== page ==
Just (?), a. [F. juste, L. justus, fr. jus right, law, justice; orig., that which is fitting; akin to Skr. yu to join. Cf. Injury, Judge, Jury, Giusto.]

1. Conforming or conformable to rectitude or justice; not doing wrong to any; violating no right or obligation; upright; righteous; honest; true; -- said both of persons and things. "O just but severe law!" Shak.

There is not a just man upon earth, that doeth good, and sinneth not.
Eccl. vii. 20.

Just balances, just weights, . . . shall ye have.
Lev. xix. 36.

How should man be just with God?
Job ix. 2.

We know your grace to be a man.
Just and upright.

2. Not transgressing the requirement of truth and propriety; conformed to the truth of things, to reason, or to a proper standard; exact; normal; reasonable; regular; due; as, a just statement; a just inference.

Just of thy word, in every thought sincere.

The prince is here at hand: pleaseth your lordship
To meet his grace just distance 'tween our armies.

He was a comely personage, a little above just stature.

Fire fitted with just materials casts a constant heat.
Jer. Taylor.

When all
The war shall stand ranged in its just array.

Their named alone would make a just volume.

3. Rendering or disposed to render to each one his due; equitable; fair; impartial; as, just judge.

Men are commonly so just to virtue and goodness as to praise it in others, even when they do not practice it themselves.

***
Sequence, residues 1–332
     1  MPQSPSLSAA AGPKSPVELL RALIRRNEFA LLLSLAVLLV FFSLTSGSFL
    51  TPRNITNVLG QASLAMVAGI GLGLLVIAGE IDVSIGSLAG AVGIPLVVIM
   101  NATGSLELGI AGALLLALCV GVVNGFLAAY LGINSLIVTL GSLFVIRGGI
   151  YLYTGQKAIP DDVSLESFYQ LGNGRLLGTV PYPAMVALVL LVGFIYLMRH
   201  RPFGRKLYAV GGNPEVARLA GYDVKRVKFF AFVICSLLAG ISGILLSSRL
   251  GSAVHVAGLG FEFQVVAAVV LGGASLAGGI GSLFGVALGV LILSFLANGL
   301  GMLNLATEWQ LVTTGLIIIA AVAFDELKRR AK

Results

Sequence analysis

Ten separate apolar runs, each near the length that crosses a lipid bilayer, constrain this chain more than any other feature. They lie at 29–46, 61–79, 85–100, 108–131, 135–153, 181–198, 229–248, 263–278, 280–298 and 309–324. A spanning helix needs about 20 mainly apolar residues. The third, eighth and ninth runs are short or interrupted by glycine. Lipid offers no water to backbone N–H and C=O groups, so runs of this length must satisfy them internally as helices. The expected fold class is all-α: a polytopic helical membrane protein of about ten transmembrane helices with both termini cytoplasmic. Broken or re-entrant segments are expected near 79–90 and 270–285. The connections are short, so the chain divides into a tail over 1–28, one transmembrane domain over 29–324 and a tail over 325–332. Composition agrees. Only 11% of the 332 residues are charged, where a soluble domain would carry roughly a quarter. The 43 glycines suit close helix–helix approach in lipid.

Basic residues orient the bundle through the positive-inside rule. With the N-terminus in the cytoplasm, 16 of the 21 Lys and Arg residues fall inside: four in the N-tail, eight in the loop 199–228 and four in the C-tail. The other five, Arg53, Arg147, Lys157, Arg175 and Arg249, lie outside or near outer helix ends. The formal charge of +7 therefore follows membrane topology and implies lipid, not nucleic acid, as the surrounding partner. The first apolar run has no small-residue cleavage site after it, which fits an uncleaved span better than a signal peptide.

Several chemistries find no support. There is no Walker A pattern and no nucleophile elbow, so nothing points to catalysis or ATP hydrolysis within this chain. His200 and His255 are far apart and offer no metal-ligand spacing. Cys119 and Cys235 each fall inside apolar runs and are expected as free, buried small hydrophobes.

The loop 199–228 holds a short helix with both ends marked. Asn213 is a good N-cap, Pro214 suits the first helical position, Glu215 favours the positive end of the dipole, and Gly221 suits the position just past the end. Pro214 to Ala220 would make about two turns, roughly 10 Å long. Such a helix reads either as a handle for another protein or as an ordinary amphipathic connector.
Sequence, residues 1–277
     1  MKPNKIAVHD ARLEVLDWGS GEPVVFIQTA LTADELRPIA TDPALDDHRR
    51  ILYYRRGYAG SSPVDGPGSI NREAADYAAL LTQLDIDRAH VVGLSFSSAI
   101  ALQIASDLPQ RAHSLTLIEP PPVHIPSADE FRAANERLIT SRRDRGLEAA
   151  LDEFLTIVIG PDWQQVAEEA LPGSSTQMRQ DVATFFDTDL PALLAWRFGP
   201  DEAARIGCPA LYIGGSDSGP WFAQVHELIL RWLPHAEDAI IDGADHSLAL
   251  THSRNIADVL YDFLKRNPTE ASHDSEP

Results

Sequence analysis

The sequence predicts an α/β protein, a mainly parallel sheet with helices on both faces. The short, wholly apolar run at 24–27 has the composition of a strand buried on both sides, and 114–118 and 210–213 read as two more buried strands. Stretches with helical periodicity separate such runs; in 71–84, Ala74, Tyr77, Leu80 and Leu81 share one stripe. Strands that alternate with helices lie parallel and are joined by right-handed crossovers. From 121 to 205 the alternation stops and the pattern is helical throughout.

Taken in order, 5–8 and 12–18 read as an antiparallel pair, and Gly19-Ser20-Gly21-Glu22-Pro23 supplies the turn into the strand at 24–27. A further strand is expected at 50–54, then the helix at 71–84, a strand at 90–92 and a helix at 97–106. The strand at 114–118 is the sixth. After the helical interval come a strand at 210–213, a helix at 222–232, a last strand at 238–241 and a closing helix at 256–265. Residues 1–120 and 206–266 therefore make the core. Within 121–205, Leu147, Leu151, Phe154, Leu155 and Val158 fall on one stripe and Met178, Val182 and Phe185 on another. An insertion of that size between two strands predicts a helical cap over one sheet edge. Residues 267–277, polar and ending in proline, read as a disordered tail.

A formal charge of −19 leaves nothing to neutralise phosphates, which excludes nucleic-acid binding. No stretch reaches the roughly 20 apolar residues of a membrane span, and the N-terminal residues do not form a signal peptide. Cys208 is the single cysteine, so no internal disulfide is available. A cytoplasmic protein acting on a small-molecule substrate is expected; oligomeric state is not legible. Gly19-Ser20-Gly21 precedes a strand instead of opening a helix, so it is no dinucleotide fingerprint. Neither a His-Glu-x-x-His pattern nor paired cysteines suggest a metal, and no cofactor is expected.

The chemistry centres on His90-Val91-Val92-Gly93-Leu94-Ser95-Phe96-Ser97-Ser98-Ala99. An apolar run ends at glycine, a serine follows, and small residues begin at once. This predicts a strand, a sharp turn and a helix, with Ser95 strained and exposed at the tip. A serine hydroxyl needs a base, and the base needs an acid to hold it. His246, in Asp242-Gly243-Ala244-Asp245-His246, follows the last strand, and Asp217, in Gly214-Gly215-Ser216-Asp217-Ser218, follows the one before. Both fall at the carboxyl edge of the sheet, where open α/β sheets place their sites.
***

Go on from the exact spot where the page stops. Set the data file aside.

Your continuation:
Just intonation. (Mus.) (a) The correct sounding of notes or intervals; true pitch. (b) The giving all chords and intervals in their purity or their exact mathematical ratio, or without temperament; a process in which the number of notes and intervals required in the various keys is much greater than the twelve to the octave used in systems of temperament. H. W. Poole.

Syn. -- Equitable; upright; honest; true; fair; impartial; proper; exact; normal; orderly; regular.

Just, adv. 1. Precisely; exactly; -- in place, time, or degree; neither more nor less than is stated.

And having just enough, not covet more.

The god Pan guided my hand just to the heart of the beast.
Sir P. Sidney.

To-night, at Herne's oak, just 'twixt twelve and one.

2. Closely; nearly; almost.

Just at the point of death.
Sir W. Temple.

3. Barely; merely; scarcely; only; by a very small space or time; as, he just missed the train; just too late.

A soft Etesian gale
But just inspired and gently swelled the sail.

Just now, the least possible time since; a moment ago.

Just, n. A joust. Dryden.

Just, v. i. [See Joust.] To joust. Fairfax.